perspective, not through ideology. While in conversation with Michael
Rajner; who volunteers his time as National Secretary for Campaign to End
AIDS, Senator Smith acknowledged that the State of Florida lacks universal
care and signed the pledge in the spirit that ideology should not prevent
the State of Florida from providing universal access in HIV prevention

State Senator Walter G. "Skip" Campbell, Jr. signed the same pledge that
states "I pledge to work to develop, fund & implement a plan to end AIDS
including universal access to prevention, treatment, care & support by
2010." Senator Campbell represents parts of Broward County; a county which
ranks number 1 with the highest HIV infection rate in the nation per capita.
Florida ranks third in the nation with the highest number of people living
with HIV/AIDS. Each year, approximately 5,000 Floridians become infected
with HIV.

Congressman Jim Davis; Florida Gubernatorial Candidate, was also approached
asked to sign the same pledge. The Congressman spent 45 minutes speaking
exclusively with Michael Rajner who lives with an AIDS Diagnosis, and was
intent on learning what action the state and federal governments can take to
drastically reduce the spread of the virus and improve access to care.
Michael Rajner stressed that lawmakers must take a leadership role and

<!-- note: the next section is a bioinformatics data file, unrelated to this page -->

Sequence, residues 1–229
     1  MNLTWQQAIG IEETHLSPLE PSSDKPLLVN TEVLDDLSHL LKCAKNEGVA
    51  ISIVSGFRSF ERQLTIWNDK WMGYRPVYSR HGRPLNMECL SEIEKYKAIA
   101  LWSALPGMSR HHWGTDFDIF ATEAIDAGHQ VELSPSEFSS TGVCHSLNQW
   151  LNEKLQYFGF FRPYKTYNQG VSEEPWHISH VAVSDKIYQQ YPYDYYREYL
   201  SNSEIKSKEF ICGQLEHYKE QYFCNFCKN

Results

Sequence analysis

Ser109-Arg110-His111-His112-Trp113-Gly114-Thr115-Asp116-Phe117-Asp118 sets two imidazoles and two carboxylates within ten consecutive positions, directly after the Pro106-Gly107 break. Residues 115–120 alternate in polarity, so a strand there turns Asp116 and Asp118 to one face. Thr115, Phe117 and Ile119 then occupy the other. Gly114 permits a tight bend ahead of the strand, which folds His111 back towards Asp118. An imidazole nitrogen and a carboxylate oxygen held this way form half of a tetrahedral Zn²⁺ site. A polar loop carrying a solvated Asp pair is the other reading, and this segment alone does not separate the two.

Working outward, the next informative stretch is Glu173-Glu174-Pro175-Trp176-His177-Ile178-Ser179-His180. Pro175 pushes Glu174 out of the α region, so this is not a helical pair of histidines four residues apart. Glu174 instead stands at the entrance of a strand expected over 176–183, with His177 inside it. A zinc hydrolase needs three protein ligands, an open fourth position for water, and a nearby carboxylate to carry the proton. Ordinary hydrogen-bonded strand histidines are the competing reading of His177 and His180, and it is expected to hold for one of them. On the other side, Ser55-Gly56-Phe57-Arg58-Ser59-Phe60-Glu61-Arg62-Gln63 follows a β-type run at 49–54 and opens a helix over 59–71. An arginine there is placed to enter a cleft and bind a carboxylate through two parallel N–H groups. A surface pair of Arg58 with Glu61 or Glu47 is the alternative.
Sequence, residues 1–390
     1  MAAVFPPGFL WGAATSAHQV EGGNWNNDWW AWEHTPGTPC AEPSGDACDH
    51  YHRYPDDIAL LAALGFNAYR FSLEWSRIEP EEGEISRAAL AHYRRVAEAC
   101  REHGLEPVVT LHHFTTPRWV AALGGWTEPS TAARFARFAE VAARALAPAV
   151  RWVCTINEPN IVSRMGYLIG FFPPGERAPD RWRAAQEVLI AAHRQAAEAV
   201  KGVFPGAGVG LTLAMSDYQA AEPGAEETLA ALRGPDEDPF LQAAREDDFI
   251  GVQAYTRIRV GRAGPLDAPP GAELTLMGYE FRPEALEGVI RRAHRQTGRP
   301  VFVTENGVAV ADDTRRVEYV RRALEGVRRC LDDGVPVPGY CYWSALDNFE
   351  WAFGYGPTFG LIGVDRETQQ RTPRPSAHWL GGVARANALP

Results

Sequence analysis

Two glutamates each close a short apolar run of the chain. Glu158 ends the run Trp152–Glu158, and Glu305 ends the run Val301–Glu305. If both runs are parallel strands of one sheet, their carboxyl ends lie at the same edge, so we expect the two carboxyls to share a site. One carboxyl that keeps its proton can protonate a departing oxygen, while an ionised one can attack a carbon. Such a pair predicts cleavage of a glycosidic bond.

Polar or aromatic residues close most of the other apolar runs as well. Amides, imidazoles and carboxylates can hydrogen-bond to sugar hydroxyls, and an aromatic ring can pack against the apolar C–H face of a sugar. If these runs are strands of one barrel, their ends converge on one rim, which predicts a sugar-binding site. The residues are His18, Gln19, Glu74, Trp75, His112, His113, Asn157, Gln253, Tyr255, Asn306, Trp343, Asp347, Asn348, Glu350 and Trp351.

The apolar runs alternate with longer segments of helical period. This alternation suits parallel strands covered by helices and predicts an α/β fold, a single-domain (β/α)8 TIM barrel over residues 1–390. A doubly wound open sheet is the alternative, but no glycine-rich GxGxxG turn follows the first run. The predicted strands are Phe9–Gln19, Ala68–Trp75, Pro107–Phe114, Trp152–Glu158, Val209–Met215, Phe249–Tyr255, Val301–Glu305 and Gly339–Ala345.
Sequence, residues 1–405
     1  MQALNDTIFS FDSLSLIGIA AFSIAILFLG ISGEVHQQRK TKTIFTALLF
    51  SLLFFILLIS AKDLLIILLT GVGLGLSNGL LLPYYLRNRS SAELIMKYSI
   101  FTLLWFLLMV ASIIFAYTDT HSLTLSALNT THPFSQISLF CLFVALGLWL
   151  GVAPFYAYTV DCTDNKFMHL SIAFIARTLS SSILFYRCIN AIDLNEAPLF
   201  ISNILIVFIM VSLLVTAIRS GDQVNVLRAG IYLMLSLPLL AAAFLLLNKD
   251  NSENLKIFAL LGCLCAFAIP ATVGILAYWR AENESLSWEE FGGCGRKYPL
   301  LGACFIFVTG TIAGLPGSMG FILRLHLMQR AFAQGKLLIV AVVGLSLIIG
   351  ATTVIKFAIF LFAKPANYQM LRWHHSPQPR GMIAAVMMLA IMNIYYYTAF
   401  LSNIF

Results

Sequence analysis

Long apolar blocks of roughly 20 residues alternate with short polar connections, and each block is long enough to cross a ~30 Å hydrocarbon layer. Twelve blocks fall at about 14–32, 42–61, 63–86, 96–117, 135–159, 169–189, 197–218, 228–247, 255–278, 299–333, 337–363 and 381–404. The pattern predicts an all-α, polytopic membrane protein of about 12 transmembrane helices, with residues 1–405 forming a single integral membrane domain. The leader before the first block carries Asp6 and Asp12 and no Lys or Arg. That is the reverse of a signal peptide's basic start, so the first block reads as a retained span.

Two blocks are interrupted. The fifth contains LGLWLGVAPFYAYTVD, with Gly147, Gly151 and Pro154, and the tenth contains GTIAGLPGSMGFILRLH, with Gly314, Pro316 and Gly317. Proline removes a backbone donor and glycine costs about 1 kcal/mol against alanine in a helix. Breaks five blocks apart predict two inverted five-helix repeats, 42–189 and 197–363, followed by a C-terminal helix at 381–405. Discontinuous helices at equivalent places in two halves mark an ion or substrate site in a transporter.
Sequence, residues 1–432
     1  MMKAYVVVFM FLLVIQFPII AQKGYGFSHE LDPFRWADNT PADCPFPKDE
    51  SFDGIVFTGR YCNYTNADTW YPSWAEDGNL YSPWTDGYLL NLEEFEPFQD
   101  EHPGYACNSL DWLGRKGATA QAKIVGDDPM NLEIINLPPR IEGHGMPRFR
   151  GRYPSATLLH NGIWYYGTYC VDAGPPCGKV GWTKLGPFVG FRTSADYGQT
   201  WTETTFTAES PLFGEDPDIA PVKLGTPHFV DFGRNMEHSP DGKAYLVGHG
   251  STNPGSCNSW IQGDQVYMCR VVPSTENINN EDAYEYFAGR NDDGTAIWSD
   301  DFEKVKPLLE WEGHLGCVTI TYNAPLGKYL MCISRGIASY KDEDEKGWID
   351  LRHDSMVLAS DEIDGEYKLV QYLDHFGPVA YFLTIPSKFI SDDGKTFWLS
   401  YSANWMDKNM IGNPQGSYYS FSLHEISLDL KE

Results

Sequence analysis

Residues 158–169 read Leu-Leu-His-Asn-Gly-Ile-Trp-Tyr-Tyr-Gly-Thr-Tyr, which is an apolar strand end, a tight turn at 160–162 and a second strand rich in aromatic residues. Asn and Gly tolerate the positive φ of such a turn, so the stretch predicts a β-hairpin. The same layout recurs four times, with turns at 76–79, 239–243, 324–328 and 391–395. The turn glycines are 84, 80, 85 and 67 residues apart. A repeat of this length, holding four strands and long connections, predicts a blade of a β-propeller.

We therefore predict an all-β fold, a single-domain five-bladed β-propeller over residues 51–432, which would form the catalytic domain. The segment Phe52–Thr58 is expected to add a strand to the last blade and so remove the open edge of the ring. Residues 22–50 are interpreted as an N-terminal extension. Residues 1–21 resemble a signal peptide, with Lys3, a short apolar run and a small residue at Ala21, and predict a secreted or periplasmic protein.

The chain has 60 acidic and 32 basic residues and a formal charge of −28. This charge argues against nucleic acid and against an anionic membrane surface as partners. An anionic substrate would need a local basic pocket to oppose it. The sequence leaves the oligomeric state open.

demand that we fund HIV/AIDS care, prevention and treatment from a
scientific approach and humanistic theoretical perspective and not base it
on ideology.

As a recipient of Medicare and Ryan White CARE Act services at the age of
35, Michael Rajner is completing his bachelors in social work and stressed
to Congressman Davis that HIV/AIDS is not just the "gay cancer" it was once
thought of. It is a disease that has devastating repercussions on minority
and marginalized populations. However, due to restrictions in funding and
policy, outreach efforts that funding with state funds and culturally
appropriate for the gay community are often scrutinized and censored by
Governor Jeb Bush's administration.


Michael Emanuel Rajner

National Secretary
Campaign to End AIDS
Tel: (954) 272-8131
Cell: (954) 288-1999


Fort Lauderdale, FL - With the failure for our federally elected officials
to reauthorize the Ryan White CARE Act in a responsible and timely manner an
estimated 250,000 individuals remain without primary medical care in the
United States. Nationally, it is estimated that 1,000,000 people live with
HIV/AIDS, 100,000 live in Florida and of that number 20,000 live in Broward
County. Each year, approximately 5,000 people become infected with HIV in
the State of Florida.

It's time history begins to repeat itself and we return to our national
grass roots. On Sunday, July 23, 2006 at 8:00 P.M. Jackhammer in Fort
Lauderdale at 1725 North Andrew's Square (in the shopping plaza behind GLCC
and Boardwalk) will host a fundraising event for the unveiling of AIDS VOTE
in Broward County.

On hand to unveil AIDS Vote will be HIV+ Reverend Charles King, Co-founder &
President of Housing Works in New York City who also serves as Co-Chair for
Campaign to End AIDS. Rev. King has been instrumental in the national
effort to re-mobilize a nation that has fallen victim to apathy and



Florida - Section 1-B

Monday, July 17, 2006

Pompano minister wins fans among fundamentalists, but loses support in GOP

By Gregory Lewis,
South Florida Sun-Sentinel
Posted July 17 2006

When the Rev. O'Neal Dozier called Islam "a cult" and derided Muslims as
"terrorists," he damaged his relationship with Gov. Jeb Bush, whose office